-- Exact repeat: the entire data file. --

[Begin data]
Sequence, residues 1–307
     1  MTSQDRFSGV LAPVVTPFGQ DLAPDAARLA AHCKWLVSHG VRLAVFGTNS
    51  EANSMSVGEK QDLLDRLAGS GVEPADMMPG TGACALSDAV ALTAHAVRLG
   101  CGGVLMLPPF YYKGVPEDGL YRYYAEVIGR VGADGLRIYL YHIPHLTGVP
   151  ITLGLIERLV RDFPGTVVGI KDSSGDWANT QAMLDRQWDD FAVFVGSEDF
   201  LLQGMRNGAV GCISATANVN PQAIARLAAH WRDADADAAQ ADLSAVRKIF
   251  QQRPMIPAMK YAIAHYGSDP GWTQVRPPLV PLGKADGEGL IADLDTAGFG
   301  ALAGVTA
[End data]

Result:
Sequence, residues 1–307
     1  MTSQDRFSGV LAPVVTPFGQ DLAPDAARLA AHCKWLVSHG VRLAVFGTNS
    51  EANSMSVGEK QDLLDRLAGS GVEPADMMPG TGACALSDAV ALTAHAVRLG
   101  CGGVLMLPPF YYKGVPEDGL YRYYAEVIGR VGADGLRIYL YHIPHLTGVP
   151  ITLGLIERLV RDFPGTVVGI KDSSGDWANT QAMLDRQWDD FAVFVGSEDF
   201  LLQGMRNGAV GCISATANVN PQAIARLAAH WRDADADAAQ ADLSAVRKIF
   251  QQRPMIPAMK YAIAHYGSDP GWTQVRPPLV PLGKADGEGL IADLDTAGFG
   301  ALAGVTA